2Know Magazine: Sharing KM Knowledge
2Know: Sharing KM Knowledge
April 2018 - Magazine No. 223
April 2018 - Magazine No. 223

Linguistic simplification refers to text adaptation for cognitively challenged people or those that possess basic cognitive abilities. This process involves writing texts in a simply comprehensible manner.

 Its principles include: focused data, plain (and correct) everyday language, consistent use of terms and tenses (plural/singular, past/present, etc.), explicit message leaving no room for interpretation, etc.

A few days ago, it was reported that the disability pension will rise; the rise will be retroactively granted from January. I immediately remembered a course on content editing & functional writing I instructed at a large organization. The meaning of the word "retroactively" was discussed among other terms, and several answers were given. Some interpreted the term as referring to past activities ("retro") while others understood it to be a future action. This organization handles great sums of money. Another noteworthy "fun fact": each interpreter was positive they were correct.


What does this have to do with linguistic simplification, a term from the field of accessibility?

 Evidently, linguistic simplification is required when writing in an organization. A great portion of organizational activity is based on texts and is aimed at large, diverse groups of workers that probably all possess high cognitive skills: work procedures, policies, customer service, etc.

The aforementioned simplification principles must be applied in organizational settings as well.

What does this require?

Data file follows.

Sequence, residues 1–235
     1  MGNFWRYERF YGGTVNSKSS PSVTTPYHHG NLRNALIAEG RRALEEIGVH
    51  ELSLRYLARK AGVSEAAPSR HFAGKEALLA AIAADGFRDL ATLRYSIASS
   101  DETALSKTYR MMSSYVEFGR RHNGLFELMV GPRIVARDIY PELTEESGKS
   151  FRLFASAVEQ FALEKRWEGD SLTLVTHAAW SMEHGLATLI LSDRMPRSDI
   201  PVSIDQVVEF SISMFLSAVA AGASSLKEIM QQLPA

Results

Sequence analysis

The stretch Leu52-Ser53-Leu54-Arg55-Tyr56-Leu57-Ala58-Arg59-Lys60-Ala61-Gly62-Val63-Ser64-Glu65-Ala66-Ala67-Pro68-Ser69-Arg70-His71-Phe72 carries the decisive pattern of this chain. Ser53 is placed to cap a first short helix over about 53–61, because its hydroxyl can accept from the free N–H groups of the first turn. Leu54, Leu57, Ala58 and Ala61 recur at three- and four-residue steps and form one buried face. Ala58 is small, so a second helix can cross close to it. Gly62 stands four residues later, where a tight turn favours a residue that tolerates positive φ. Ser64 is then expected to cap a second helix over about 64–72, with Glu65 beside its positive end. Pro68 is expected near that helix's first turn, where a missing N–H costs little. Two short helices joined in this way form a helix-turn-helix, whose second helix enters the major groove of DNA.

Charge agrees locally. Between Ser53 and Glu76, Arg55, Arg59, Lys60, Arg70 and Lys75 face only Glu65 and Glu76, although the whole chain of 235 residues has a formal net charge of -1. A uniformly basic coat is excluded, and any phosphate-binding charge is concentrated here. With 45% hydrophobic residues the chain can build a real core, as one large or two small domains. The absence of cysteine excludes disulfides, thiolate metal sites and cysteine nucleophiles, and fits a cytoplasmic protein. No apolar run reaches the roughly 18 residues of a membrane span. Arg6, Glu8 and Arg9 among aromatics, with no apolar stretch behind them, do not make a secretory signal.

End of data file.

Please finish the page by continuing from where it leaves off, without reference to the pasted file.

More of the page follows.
A bit more time and a little more thought invested before and during the writing process.

What can we gain from linguistic simplification?

  • We ensure our workers understand the text and can operate correctly
  • Texts will be helpful utilities rather than confusing nuisances
  • Less mistakes
  • Decrease in time invested in each task

Writing simple rather than simply writing is a task far from simple, but it is simply essential.





How can we find the inner motivation to perform irritating activities related to Knowledge Management?

Every position, task, project or process we wish to promote in the organization bears at least one aspect that we would rather refrain from performing. Procedures are a good example for this phenomenon. We at ROM instruct our clients how to construct procedures so that they are written simply and concisely. We, for example, emphasize the planning of the procedure, using simple phrasing, elements that can be incorporated to improve first use as well as future uses. However, procedures (like any other subject) are simply not the hottest topic when considering popular work tasks for workers to handle/formulate.